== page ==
When we think technics, initially we will think it takes changes in our life. Nevertheless, our culture and social identity are diminished and threatened by the technical such as Goole glass. In this week’s post, I will explain meanings of ‘Machinic’ firstly, and argue how mobility affects on traditional medium and social identity.
Generally, another perspective of the technicsl might be its adaptability (Murphie & Potts 2002, p.31). Much of our perceptions, thinkings or techniques decide the technical productions in general. Also, we found our technologies that are more accelerated and more interactive. Moreover, the technicsl push the emergence of globalisation. For example, the flows of goods, labor sources and cultures exchange among the countries.
So how can these sort of flows work? Definitely, it’s Machinic works. Basically, the machinic provides a way of thinking through how elements of complex medial systems cooperate to produce something more than the sum of their parts (Fuller, 2005, 6). Machinic emphasis on the way in which media technologies arise from social and culture forces. For example, as Fuller mentioned in the article, the pirate radio in London use the methodology capacity of machinic to be an amazing innovation. Also, it provides for a sensual and technical aesthetics that can be developed in relation to media and music. The ‘Machinic’ pursuits to build a relationship between two discrete or isolatable items and makes them work better.
Recently, the intrinsic way of radio cannot affect individuals any more. But alongside with music, the way in which the pirates have operated in terms of their mobilisation of media systems also make demands in recent years. We would argue, as the emergence of smart phone, which leads people to be lived more convenient and dated. Smartphone challenges the lifestyle of people and the social identity though. Nowadays, such monopolies of knowledge in limited linguistic areas, like the professional jargons that lawyers and doctors uses. Exclusively, much is made of computer elites, and the monopolies of knowledge of those who have access to Internet (Levinson, 1997, 12). For example, people always use the views from Facebook or Twitter, but either of them have been proved to be right. People become more rely on the Internet and mobile. We should argue here that a great many people experience crisis of identity, perceive as their personal problems, and for which they seek help from Internet or another sources.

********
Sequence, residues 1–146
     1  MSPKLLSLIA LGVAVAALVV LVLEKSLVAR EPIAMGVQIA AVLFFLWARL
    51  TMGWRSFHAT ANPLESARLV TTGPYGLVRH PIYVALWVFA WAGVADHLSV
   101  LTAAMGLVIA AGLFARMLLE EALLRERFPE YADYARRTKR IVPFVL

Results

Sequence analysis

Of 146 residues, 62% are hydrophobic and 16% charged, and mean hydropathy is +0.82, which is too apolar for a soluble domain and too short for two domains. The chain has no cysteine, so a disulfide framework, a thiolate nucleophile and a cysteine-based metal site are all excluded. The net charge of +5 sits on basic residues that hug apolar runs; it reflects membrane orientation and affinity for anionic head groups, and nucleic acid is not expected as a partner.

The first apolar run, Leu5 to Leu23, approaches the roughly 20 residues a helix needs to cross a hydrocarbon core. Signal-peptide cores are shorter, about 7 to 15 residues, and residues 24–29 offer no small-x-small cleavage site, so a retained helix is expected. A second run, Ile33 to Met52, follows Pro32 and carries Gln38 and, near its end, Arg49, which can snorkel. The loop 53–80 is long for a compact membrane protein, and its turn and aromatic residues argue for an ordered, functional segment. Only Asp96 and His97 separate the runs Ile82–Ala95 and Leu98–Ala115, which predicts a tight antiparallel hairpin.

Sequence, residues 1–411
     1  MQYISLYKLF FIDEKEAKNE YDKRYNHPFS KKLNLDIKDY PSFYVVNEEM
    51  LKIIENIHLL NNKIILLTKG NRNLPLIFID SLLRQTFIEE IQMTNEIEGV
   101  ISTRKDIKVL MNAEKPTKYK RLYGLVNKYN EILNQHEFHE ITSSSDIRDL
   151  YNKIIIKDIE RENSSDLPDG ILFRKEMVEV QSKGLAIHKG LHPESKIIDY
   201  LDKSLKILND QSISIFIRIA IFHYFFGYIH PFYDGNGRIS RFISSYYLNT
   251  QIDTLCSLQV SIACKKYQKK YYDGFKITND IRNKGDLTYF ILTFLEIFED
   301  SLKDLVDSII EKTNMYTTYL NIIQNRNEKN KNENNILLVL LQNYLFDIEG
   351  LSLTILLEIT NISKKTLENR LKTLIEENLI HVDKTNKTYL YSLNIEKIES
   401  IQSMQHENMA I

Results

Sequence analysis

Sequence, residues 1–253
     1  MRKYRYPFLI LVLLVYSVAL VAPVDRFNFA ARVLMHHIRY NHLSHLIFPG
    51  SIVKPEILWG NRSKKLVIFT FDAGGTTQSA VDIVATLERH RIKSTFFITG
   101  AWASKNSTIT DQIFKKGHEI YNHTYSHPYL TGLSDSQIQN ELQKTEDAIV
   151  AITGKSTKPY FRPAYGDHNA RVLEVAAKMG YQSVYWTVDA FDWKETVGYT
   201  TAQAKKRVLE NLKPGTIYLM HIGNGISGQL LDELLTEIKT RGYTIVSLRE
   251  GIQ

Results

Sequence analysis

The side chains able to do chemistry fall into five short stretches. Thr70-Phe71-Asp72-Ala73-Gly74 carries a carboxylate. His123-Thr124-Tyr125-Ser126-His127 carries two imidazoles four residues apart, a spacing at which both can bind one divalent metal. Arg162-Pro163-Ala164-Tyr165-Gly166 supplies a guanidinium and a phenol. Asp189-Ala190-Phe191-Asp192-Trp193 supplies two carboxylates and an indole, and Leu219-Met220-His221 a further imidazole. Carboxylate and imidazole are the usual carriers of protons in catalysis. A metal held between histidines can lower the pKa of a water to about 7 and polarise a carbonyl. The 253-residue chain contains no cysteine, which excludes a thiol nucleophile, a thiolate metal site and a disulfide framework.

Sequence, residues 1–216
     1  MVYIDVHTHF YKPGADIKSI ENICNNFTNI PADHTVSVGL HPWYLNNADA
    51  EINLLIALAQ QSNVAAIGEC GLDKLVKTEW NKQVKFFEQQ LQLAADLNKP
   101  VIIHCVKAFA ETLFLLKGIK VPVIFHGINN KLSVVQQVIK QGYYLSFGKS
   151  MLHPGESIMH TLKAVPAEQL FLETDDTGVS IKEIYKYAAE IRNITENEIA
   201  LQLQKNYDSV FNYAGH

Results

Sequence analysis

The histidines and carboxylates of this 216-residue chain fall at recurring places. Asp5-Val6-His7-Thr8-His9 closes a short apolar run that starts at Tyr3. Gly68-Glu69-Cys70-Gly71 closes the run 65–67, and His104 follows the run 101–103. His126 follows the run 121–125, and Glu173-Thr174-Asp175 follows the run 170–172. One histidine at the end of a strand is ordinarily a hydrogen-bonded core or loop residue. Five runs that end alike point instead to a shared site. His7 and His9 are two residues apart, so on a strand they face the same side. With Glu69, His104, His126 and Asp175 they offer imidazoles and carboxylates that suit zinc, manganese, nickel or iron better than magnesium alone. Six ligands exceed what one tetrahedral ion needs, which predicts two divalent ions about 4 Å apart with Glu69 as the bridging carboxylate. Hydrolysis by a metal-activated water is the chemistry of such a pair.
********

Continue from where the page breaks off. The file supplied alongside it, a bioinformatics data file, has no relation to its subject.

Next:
Sadly, people experience loss or lack of a community, and they feel rootlessness. The loss of a sense of reality makes people lose their social identity. Techniques often register the culture changes directly in relation to media changes.
Fuller, M., (2005), Introduction: Media Ecologies in Media Ecologies: Materialist Energies in Art and Technoculture Cambridge, MA; MIT Press: 6.
Levinson, P., (1997), The First Digital Medium in Soft edge; a natural history and future of the information revolution Lodon: Routledge: 12.
Murphie, A & Potts, J 2002, ‘Theoretical Freameworks’ in Culture and technology, Palgrave, London, p.11-38.